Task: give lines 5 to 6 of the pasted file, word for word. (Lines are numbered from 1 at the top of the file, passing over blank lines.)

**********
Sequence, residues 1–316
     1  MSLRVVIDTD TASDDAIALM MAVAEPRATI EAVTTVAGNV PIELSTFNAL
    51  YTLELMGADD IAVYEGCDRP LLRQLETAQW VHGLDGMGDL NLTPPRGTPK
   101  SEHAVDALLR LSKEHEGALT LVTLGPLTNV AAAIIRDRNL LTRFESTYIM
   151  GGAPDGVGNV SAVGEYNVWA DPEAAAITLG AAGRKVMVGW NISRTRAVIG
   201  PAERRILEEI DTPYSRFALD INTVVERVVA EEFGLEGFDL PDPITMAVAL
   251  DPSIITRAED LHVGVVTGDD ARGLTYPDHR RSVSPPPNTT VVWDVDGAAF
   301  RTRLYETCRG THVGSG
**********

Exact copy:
   151  GGAPDGVGNV SAVGEYNVWA DPEAAAITLG AAGRKVMVGW NISRTRAVIG
   201  PAERRILEEI DTPYSRFALD INTVVERVVA EEFGLEGFDL PDPITMAVAL